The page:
Did Grampa Care About ‘Air Traffic’ Congestion?
When you hear the word, “traffic,” what emotions are emoted? Do you think of only car traffic? Or air traffic? We better start including space traffic…
Last July, three rockets from three different countries launched toward Mars — all within two weeks of each other. This was not a competition (?) but there was a small window of opportunity. Mars and Earth are only on the same side of the Sun every 26 months (I’m talking about earth months). If you miss this window, you will have to wait another two years to launch (i.e., earth years). Apparently, we have to see Mars when we launch. Makes sense — how else would we know where to point the rocket?
Space traffic is indeed becoming a concern. Space traffic includes launch vehicles, satellites, space debris, and of course, The International Space Station (TISS). Granted, there is only one space station (1SS) operating at present, but there about a dozen defunct space stations. Most of these disintegrated into a million pieces (an approximation) when they re-entered the atmosphere (now you know what your dog found).
Satellites, however, number around 6000! Only about half of these are currently active. But very soon, probably Tuesday, major companies including Amazon and Elon Musk, plan to add more than 50,000 additional satellites (that’s not a typo). This will make it very tricky to get to the moon (or even see the moon). And then there’s space debris (you can probably imagine what that entails)…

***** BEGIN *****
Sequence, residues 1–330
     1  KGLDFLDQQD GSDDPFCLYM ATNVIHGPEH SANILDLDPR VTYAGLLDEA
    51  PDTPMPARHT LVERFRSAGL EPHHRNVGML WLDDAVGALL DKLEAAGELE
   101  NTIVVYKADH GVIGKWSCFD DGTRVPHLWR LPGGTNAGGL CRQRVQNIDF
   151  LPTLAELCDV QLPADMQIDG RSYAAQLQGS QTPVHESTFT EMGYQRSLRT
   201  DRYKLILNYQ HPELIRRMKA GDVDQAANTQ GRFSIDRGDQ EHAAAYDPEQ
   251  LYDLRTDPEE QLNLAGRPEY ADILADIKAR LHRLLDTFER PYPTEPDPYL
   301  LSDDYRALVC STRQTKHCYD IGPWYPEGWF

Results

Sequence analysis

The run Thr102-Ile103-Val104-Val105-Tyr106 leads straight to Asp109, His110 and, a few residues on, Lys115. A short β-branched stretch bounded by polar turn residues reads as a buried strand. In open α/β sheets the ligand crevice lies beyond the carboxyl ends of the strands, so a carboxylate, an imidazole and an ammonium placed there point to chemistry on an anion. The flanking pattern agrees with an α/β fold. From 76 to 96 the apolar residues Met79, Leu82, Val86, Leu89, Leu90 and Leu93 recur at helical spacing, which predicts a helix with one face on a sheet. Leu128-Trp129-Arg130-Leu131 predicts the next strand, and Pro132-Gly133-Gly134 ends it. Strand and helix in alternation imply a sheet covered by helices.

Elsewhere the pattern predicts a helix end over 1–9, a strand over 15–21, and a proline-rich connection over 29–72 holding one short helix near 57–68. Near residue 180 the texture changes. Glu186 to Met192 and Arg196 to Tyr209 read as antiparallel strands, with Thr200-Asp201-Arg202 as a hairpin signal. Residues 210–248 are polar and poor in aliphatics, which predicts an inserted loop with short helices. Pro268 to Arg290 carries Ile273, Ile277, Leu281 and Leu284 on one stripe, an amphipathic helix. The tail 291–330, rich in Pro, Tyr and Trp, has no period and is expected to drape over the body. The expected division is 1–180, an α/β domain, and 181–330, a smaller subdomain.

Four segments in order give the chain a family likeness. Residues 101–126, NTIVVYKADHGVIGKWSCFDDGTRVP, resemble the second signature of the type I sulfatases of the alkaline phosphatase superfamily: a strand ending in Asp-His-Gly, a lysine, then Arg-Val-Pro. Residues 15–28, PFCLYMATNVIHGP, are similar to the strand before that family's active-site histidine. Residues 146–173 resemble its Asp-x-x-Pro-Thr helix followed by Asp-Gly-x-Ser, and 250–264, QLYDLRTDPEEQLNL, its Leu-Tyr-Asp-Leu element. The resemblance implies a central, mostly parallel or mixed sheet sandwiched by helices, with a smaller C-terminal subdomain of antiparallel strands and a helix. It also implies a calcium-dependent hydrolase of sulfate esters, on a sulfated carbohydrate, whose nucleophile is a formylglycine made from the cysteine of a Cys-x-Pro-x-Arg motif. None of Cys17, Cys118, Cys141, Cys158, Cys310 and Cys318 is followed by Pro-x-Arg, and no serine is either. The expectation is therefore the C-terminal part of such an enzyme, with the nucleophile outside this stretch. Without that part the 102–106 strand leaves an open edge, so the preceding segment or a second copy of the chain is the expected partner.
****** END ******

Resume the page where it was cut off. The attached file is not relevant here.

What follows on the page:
There’s urgent need to establish ground rules for space traffic. And because ground rules don’t apply to space traffic, we are talking about something that doesn’t exist. Who would ever imagine that “outer space” could get crowded? It wasn’t that long ago we had a similar attitude toward airspace. But planes and jets and drones (and geese) have changed all that.
The accelerated growth of the satellite population requires worldwide cooperation. There are valid concerns about satellite collisions. As the number of satellites increase, the potential for collision increase. Creating even more debris which in turn increases the likelihood of more collisions. Some debris remains in orbit and some debris disintegrates in the earth’s atmosphere. And since an orbital collision can occur at speeds up to 30,000 mph — you can understand how debris could result. “Fido, put that down!”
Chet Skwarcan (traffic engineer, author, unique insights) with over 25 years of traffic engineering experience — online help available at TrafficEngineering.com/Services